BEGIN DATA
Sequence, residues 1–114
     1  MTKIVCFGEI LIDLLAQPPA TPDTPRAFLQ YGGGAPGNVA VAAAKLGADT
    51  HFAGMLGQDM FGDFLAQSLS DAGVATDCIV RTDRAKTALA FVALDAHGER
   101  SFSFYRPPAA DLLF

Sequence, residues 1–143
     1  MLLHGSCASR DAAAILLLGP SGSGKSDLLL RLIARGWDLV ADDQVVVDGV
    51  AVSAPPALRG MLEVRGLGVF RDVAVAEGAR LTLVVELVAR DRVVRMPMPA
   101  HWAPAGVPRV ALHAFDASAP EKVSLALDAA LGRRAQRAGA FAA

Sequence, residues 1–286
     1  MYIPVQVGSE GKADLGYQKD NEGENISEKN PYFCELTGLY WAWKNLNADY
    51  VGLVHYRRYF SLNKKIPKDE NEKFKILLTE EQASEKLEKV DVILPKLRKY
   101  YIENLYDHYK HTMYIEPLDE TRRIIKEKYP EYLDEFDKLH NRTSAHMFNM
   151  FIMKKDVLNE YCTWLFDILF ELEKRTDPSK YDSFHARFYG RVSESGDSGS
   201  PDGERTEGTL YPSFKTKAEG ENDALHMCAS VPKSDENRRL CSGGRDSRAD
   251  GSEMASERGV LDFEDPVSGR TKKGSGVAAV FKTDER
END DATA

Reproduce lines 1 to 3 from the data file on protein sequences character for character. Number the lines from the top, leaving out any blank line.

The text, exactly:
Sequence, residues 1–114
     1  MTKIVCFGEI LIDLLAQPPA TPDTPRAFLQ YGGGAPGNVA VAAAKLGADT
    51  HFAGMLGQDM FGDFLAQSLS DAGVATDCIV RTDRAKTALA FVALDAHGER